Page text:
Impressively, Hardy’s book is so full of detailed analysis that this particular discovery in Alma is actually relegated to a footnote! Overall, the book follows the structure of the Book of Mormon itself tracing the styles and stories of each narrator, as well as the gaps they leave for perceptive readers to fill in. Not only does this allow Hardy to present an overview of the entire Book of Mormon, it also places some of his most powerful chapter parallels in the “3 Nephi 11” spot, which Hardy argues was deliberately situated within the structure of the Book of Mormon to properly emphasize Christ’s visit to the Nephites (267). Without calling attention to it, Hardy's book seems to enact what it demonstrates from the Book of Mormon itself (258-60).3
At times Hardy moves quickly through bits of the Book of Mormon. His tracing of its complexity may lose outsiders who aren’t as familiar with Lehi’s vision of the tree, or the Nephite monetary system, or other (relatively incidental) details. Similarly, some Latter-day Saints may feel slightly disoriented with occasional technical jargon. These difficulties are explained by Hardy's desire to reach a broad audience. The book invites critics to attempt a “willing suspension of disbelief” so they might see more fruitful readings despite doubts of authorship. Latter-day Saints, he adds, may need a “willing suspension of belief, that is, to think of the Book of Mormon as a work of literature, with an emphasis on its creativity and artifice” as opposed to proofs of ancient origin or teachings for our times (28).4 Latter-day Saint readers will enjoy fresh approaches to the narrator's uses of King James phrases (255), Mormon's editorial interruptions (97-102), Captain Moroni's apparent character flaws (174) and many, many other things. (I wished for a more extended discussion of King Benjamin's sermon and its impact on the remaining record.)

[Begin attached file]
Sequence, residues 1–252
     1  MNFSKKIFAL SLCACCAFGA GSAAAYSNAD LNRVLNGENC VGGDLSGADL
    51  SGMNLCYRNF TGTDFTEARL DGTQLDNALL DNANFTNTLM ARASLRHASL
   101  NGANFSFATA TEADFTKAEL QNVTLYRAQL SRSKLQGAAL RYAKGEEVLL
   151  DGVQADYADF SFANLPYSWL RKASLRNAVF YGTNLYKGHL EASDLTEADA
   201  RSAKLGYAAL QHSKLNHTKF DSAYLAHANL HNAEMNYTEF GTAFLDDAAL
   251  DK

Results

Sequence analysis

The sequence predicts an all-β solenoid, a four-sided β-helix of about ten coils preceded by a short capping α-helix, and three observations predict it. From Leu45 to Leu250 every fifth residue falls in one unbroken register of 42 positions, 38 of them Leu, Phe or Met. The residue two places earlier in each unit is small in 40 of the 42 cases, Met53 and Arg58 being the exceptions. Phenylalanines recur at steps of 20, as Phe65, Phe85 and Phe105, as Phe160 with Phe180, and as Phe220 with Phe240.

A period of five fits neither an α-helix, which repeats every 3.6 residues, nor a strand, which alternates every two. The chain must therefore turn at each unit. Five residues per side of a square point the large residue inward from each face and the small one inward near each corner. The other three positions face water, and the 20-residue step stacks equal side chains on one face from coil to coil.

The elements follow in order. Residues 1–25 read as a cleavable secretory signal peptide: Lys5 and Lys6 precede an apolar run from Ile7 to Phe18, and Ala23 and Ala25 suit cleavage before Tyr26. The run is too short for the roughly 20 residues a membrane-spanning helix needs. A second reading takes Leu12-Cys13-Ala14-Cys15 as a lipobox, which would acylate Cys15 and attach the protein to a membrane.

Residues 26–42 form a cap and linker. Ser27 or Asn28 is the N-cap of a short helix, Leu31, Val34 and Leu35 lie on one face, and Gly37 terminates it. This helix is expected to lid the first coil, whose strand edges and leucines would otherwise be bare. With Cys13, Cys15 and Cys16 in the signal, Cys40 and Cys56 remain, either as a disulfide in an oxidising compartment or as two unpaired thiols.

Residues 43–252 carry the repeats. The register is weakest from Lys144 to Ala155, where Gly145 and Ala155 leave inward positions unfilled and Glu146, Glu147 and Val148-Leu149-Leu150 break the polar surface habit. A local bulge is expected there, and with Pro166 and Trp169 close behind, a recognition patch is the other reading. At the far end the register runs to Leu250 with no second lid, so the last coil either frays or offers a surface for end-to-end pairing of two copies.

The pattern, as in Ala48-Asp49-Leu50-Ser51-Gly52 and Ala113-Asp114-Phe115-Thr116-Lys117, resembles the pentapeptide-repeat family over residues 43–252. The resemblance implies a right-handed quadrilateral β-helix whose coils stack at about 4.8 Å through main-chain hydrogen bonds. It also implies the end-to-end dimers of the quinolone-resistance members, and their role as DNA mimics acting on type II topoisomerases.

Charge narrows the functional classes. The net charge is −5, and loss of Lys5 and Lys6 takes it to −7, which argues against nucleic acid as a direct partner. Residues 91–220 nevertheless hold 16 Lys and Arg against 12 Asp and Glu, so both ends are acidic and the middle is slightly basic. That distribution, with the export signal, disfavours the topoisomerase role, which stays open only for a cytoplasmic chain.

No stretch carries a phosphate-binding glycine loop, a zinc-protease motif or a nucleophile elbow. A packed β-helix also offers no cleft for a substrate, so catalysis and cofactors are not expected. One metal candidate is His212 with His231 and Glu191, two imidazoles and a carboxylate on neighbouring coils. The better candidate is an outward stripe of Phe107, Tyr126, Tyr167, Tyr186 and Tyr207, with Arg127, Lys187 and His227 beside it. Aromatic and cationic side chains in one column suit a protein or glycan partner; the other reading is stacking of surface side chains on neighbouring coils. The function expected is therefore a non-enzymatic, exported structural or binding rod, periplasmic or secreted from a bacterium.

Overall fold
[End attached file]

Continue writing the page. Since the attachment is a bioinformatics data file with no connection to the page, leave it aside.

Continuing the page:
This book makes a strong case that when examined closely, the Book of Mormon "exhibits a literary exuberance that frustrates quick judgments and reductive analysis" (267). By shifting “attention away from Joseph Smith and back to the Book of Mormon itself, a common discourse becomes possible" through literary analysis (xvi). Readers who try to play by Hardy’s rules will be richly rewarded. It will change the way you read the Book of Mormon forever. A Reader's Guide is a knockout punch in ink and paper; I can't recommend it enough.
Grant Hardy, The Book of Mormon: A Reader’s Edition, University of Illinois Press (2005). Hardy is well-attuned to the aesthetics of book reading. His Reader's Edition aims to make the book more comfortable to read, using better formatting, size, new punctuation, charts and tables, headings, and other devices to increase readability. Right down to the layout of the print on a page, Hardy recognizes the power a physical book can wield: “Perhaps because they most often encounter the Book of Mormon in a verse-by-verse format, [Latter-day Saints] rarely read in terms of large-scale narrative contexts or weigh the parts against the whole” (xix). Reader's Guide and Reader's Edition both aim to increase readability of the Book of Mormon. I hope do do some blog posts on more specific points than can be addressed in a short review, this book is stuffed full of insight.
Because Hardy adopts the “internal perspective” of the book he “write[s] about the narrators as if they were actual people with complex motivations and developing understandings.” Non-believers “are welcome to place virtual quotation marks around the names Nephi and Mormon whenever they appear in the chapters that follow” (xvii-xvii).
A similar point about the structure of the book has been made in Brant Gardner's "Mormon's Editorial Method and Meta-Message," FARMS Review, 21:1, 83-105. Hardy interacts with (and sometimes counters) many LDS scholars, including John Welch and others, in the footnotes (see 248, 297, 301, 303, 313 for examples). Even The Book of Mormon Movie gets a shout-out, however unsympathetic (312).
Those interested in the Book of Mormon debates aren’t too far from Hardy’s mind. He includes enough information for believers and skeptics (citing many of the most substantive positions and publications) throughout the footnotes.
See the limited Google preview here.
1. A Brief Overview (Narrator-based Reading), 3
Part I: Nephi
2. Sons and Brothers (Characterization), 31
3. Prophets of Old (Scriptural Interpretation), 58
Part II: Mormon
4. Mormon’s Dilemma (Competing Agendas), 89
5. Other Voices (Embedded Documents), 121
6. Providential Recurrence (Parallel Narratives), 152
7. The Day of the Lord’s Coming (Prophecy and Fulfillment), 180
Part III: Moroni
8. Weakness in Writing (A Sense of Audience), 217
9. Strategies of Conclusion (allusion), 248
Scripture Index, 338